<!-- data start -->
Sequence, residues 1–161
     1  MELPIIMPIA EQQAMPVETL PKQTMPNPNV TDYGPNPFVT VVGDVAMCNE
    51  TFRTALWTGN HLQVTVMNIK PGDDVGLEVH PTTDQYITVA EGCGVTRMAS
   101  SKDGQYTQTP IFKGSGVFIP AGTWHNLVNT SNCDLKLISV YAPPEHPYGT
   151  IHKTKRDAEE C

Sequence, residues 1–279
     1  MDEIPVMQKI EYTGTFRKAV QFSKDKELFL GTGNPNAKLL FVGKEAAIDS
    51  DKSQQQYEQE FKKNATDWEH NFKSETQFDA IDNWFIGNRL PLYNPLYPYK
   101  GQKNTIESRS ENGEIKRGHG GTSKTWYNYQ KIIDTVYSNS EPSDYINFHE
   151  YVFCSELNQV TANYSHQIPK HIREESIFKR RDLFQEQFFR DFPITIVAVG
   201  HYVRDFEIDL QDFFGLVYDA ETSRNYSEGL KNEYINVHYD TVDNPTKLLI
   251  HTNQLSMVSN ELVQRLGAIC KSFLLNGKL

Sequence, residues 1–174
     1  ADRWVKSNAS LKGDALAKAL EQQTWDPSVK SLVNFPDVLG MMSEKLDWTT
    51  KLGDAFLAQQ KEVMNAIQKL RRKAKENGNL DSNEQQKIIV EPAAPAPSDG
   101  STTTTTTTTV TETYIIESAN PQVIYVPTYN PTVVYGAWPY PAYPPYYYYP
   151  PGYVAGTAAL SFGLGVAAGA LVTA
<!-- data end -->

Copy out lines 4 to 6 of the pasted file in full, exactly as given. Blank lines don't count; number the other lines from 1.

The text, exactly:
   101  SKDGQYTQTP IFKGSGVFIP AGTWHNLVNT SNCDLKLISV YAPPEHPYGT
   151  IHKTKRDAEE C

Sequence, residues 1–279